"She’ll moan and cry and give herself as no sane woman would"
The Lady of Shalott
Public DomainThe Lady of Shalott - Credit: William Holman-Hunt
The word hysteria comes from the Latin hystericus, meaning ‘of the womb’. The cause of madness, therefore, has historically and linguistically been linked to the female reproductive organs. Women’s madness and overt sexuality were seen as practically synonymous in Victorian times, and cures for ‘mad’ women included attempts to control menstruation and, at worst, clitoridectomy.

As women were not meant to feel sexual pleasure, Antoinette's very pleasure in their lovemaking is one of the reasons that Rochester's ability to love her is circumscribed, and why he thinks she is mad.

 

   

 

Women’s hair has also been seen as a symbol of their sexuality, and wild, loose hair was often indicative of a wild, loose woman. Victorian artists and writers were particularly interested in the significance of women’s hair.  See Elizabeth G. Gitter’s ‘The Power of Women’s Hair in the Victorian Imagination’.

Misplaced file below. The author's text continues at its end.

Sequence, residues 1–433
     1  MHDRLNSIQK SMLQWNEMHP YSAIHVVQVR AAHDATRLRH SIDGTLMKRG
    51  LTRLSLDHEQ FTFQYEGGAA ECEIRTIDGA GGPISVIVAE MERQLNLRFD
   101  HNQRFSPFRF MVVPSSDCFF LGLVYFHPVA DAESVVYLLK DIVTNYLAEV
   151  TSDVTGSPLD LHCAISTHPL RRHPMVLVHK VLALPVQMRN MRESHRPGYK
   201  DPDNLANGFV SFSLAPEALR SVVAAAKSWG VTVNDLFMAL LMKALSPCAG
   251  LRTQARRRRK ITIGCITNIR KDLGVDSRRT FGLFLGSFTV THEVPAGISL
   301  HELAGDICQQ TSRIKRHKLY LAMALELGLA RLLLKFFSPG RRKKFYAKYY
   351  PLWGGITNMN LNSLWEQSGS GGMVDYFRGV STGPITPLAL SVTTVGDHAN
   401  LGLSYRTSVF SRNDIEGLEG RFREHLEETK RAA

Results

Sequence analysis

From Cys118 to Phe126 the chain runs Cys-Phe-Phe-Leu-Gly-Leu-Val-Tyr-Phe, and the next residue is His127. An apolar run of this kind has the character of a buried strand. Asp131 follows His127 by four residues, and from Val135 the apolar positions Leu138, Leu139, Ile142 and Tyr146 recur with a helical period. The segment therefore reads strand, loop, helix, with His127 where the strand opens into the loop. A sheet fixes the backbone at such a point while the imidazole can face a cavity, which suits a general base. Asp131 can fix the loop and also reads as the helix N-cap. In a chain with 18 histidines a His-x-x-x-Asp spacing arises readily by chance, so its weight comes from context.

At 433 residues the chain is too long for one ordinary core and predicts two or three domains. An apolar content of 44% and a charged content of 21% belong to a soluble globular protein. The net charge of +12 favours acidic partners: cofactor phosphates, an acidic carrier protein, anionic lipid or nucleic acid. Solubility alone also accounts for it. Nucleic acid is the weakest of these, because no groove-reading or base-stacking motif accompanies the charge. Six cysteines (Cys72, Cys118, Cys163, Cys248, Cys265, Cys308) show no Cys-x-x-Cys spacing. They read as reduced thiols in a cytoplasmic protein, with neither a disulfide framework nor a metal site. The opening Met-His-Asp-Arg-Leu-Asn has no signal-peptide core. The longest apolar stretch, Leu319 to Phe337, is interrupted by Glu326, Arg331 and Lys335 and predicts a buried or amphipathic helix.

William Holman Hunt’s The Lady of Shalott is perhaps the most famous example of this fascination. Depicted at the moment of her transgression in looking out of her window, the woman’s hair has fanned out wide. The image is powerfully sexual, yet the entrapment of this web of hair is, according to the narrative of Tennyson’s poem, aimed solely at the lady herself.